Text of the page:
The Katz Tapes at Northeastern Archives and Special Collections
"The Katz Tapes" was a blog created by Larry Katz in 2013. Between 2013 and 2018 Larry Katz published posts reflecting on and transcribing some of the recorded interviews he conducted with many musicians over the course of his career as a music reporter for several Boston area newspapers. You can learn about the course of Katz’s career in his own words on the "About Larry Katz" page.
In 2020 Katz donated the recordings of his interviews to the Northeastern University Archives and Special Collections. This version of the Katz Tapes Blog replicates the content of Larry Katz’s original site as much as possible with the notable exception that links to the newly digitized interviews have been added throughout. To browse the full digitized collection please visit the "Browse the Tapes" page.
- D.J. Fontana (1997)D.J. Fontana etched his place in rock and roll history playing drums for Elvis Presley. He was more than just lucky to be in the right place at the right time. Original Interview Audio: The staff drummer for the Louisiana Hayride TV show when he first backed Elvis in 1954, Fontana was a killer on […]
- Jay Geils (2005)Jay Geils made his mark playing blues and his fortune playing rock and roll. But his first love was jazz. Jay—who died on April 11, 2017 at age 71—made that clear when I interviewed him at his split-level home in Groton ten days before a date at Tempo, a Waltham restaurant, to celebrate the […]
- Wilson Pickett (1999)“We didn’t go in there bullcrapping around. We meant business.” – Wilson Pickett Pop quiz: Name the top three greats of sixties soul. If you answer James Brown, Aretha Franklin and Otis Redding, you won’t get much of an argument from anyone. But who comes next on the […]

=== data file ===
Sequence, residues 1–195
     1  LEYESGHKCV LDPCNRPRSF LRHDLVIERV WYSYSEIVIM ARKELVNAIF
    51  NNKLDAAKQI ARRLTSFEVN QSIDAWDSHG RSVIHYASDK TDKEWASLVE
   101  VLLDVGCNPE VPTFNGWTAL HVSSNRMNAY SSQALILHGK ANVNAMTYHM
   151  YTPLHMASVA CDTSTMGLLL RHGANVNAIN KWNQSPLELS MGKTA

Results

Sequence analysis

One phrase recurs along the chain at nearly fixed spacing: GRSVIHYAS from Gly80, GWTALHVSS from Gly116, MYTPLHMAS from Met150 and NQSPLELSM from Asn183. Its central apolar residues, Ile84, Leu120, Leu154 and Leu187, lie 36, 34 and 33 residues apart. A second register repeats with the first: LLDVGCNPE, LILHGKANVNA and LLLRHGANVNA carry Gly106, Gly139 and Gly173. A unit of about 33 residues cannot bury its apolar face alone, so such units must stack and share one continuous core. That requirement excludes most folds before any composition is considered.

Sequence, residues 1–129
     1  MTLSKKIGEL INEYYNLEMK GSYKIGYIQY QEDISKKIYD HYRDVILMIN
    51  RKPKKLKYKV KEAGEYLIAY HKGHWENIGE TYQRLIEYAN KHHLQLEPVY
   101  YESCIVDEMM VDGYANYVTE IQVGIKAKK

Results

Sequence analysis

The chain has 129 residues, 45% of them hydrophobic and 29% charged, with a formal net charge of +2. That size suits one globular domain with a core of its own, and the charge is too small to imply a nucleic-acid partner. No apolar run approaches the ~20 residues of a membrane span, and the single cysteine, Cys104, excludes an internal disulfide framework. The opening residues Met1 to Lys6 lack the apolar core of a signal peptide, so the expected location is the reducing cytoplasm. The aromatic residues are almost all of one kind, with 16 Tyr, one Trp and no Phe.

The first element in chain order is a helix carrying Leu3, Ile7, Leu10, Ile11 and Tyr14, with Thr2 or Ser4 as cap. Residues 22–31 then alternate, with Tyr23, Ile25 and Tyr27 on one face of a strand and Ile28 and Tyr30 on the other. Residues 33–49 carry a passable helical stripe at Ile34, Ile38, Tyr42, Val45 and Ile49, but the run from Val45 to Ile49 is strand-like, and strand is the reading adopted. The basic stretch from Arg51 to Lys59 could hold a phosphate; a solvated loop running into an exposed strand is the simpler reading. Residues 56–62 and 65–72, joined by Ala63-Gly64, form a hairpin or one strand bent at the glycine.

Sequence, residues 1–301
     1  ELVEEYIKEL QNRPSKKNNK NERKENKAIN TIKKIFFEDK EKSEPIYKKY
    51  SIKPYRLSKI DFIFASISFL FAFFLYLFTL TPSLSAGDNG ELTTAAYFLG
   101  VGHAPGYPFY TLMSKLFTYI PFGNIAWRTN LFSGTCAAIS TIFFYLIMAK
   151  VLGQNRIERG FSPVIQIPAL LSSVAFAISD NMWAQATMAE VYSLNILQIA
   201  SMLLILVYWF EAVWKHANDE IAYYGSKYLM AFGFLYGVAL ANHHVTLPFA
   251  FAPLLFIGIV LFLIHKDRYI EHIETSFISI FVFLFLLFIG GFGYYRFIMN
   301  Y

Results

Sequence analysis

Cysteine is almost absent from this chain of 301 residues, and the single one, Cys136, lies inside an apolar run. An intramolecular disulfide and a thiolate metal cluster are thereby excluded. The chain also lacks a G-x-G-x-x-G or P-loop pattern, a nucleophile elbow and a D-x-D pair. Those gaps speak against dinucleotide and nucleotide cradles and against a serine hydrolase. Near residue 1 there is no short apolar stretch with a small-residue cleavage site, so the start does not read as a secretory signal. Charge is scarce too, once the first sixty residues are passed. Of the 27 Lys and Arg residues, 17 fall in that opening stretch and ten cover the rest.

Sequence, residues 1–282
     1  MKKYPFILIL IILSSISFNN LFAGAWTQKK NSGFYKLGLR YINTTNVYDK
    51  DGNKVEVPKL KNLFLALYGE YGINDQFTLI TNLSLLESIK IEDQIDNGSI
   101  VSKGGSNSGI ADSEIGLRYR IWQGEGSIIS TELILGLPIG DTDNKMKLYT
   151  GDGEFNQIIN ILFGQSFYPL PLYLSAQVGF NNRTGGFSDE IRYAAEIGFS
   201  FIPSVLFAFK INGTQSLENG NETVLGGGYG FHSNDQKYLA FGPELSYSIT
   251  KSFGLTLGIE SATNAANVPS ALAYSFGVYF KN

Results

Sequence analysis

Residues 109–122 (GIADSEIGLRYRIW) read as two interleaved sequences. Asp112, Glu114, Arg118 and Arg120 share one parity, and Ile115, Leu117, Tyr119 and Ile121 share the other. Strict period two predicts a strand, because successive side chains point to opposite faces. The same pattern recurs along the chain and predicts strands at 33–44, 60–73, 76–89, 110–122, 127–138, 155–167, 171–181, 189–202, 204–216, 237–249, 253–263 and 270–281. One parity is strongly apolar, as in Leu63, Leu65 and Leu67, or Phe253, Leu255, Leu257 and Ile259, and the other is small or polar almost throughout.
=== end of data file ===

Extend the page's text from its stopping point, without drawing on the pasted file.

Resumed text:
- Dan Penn (1995)Dan Penn is far from famous, but most everyone – at least most everyone of a certain age – knows his work. Penn produced the Box Tops’ immortal “The Letter” and co-wrote a clutch of stone soul classics (“Dark End of the Street,” “Do Right Woman,” “I’m Your Puppet,” “Cry Like A Baby,” “Sweet […]
- Chubby Checker (2003)Chubby Checker believes he deserves more than just a plaque in the Rock and Roll Hall of Fame. He wants what he insists is his just due: a 30-foot tall statue on the plaza in front of the Hall of Fame building in Cleveland. Original Interview […]
- David Bowie (1995)When liver cancer killed David Bowie on January 10, 2016, he had made sure the world would be thinking about his art as well as his death. Original 1995 Interview Audio: His musical, “Lazarus,” opened off-Broadway on December 7; his final album, “Black Star,” appeared two days before he died; in between the show […]
- Lloyd Price (1998)Lloyd Price is angry. His anger comes through on almost every page of a new memoir as idiosyncratic as its title: “sumdumhonkey.” Original Interview Audio: In it, you will find stories about Price’s musical career, such as how he came to record of one of the first rock and roll records, “Lawdy Miss Clawdy, […]
- John Trudell (1992)“…an Indian is someone you rob, someone you steal from.” If you’re into “Serial,” “The Jinx” or “Making of A Murderer,” check out “Incident at Oglala,” a 1992 documentary about Leonard Peltier, a Native American activist imprisoned for two murders there is reason to believe he did not commit. You will also meet John Trudell, […]
- Ted Hawkins (1994)“….I’m wringing wet with sweat, my throat’s on fire and my hand is aching. But I had to keep going…” “Cold and Bitter Tears – The Songs of Ted Hawkins” is a tribute album boasting no celebrity names. James McMurtry, Kasey Chambers and Mary Gauthier are probably the most recognizable of the Americana and country […]
- Allen Toussaint (1996)“If I was to say my joy, piano is first.” I loved Allen Toussaint before I knew who Allen Toussaint was. Original Interview Audio: In this, I’m sure I was not alone. My first exposure to Toussaint most likely came in 1960, when Ernie K-Doe ruled the Top Ten with “Mother-In-Law,” which Toussaint […]